Get Just What Your Windows Need With Budget Blinds of the Main Line
This Devon family got great advice and perfect solutions to three different window problems with Budget Blinds.
Brooke Goldstein’s Devon home is a light junkie’s dream: a newly constructed house is with big windows to let in plenty of sunlight, giving the entire home a warm and open feel.
When the family moved in — with one young child and a second on the way — Goldstein and her husband quickly realized that many of those beautiful windows needed to be covered, at least sometimes. Their daughter’s room needed darkness for nap-time, the southern-facing playroom grew too hot during the day, and Goldstein didn’t want to eat dinner with the whole neighborhood watching.
Enter Michael Fineman, owner of Budget Blinds of the Main Line. Fineman was easy to work with and on point with pricing, said the Goldsteins. He helped them understand what they needed and was able to guide them toward what they wanted, with unexpected options.
“This was a brand-new house,” said Goldstein. “We had so much to do, and so many windows,” she said. “Michael had very good and functional ideas.”
For the kitchen, the answer was motorized solar shades, offering a diffused and the ability to easily lower or raise the shades on multiple windows all at once.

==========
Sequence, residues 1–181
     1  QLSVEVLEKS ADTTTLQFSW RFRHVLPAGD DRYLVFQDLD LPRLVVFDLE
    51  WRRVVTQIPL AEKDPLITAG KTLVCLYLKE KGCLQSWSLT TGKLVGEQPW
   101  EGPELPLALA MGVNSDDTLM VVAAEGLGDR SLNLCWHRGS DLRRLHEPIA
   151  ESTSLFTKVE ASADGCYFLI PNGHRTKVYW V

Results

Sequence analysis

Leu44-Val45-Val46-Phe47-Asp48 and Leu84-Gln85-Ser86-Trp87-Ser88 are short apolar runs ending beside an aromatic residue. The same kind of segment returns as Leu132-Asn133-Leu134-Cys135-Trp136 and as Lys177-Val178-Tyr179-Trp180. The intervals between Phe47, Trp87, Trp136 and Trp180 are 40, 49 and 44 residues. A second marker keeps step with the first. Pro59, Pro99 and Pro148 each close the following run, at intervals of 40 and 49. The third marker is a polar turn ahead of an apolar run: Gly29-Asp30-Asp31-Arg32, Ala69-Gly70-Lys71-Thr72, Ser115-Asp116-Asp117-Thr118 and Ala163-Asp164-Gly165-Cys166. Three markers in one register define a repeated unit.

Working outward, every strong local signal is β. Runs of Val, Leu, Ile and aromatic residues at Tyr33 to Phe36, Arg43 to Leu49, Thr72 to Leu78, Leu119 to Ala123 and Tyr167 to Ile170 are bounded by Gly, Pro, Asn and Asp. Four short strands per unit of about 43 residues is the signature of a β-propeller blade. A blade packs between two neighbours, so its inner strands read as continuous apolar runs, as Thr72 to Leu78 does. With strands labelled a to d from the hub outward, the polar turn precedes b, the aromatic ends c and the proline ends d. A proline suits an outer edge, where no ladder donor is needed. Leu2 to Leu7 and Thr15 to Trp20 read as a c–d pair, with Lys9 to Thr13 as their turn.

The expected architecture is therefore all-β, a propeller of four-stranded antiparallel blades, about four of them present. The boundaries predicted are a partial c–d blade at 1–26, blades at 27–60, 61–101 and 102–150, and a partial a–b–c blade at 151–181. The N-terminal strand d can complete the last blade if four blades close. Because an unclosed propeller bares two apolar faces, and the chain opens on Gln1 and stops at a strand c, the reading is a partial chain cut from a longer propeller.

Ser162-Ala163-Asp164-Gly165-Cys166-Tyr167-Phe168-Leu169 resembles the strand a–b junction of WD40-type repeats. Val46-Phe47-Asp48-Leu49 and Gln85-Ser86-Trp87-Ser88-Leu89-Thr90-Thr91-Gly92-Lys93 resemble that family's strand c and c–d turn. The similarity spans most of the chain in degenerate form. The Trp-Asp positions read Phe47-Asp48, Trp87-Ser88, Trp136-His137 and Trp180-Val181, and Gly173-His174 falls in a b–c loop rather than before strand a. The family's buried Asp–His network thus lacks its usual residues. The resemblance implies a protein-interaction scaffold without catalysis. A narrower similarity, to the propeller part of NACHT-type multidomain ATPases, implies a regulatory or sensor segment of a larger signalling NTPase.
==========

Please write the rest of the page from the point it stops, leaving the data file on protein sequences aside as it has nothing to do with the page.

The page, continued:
“We wanted some kind of privacy, but at the same time, because there are so many windows, we didn’t want to have them covered all the time,” Goldstein said. “This was a really good balance. They go up and down very easily and they still give us the privacy.”
In the playroom, the same shades — minus the motorized function, and with a tighter weave — helped lower the temperature and filter out 99% of UV rays while still letting light fill the room.
“They do a really good job of keeping the heat out,” Goldstein said.
The Goldsteins were set on wood shutters for their bedroom, which is the most traditional room in the house. Fineman found a shade of gray that complemented their decor and incorporated subtle design touches like stainless steel hinges and split-operation invisible tilting louvers to modernize the treatment and maximize light.
In the child’s bedroom, Fineman recommended a shade combination with two layers: a blackout material with a honeycomb construction, which maintains the temperature in the room and blocks out noise for sleep, and a contemporary sheer material to provide daytime privacy, heat control, and UV filtering. Both layers can be raised or lowered to any position, but still blend nicely into the room’s decor.
“This was my favorite thing that he suggested,” Goldstein said. “I have the best-sleeping baby ever.”
Photographs by Ivory Tree Portraits.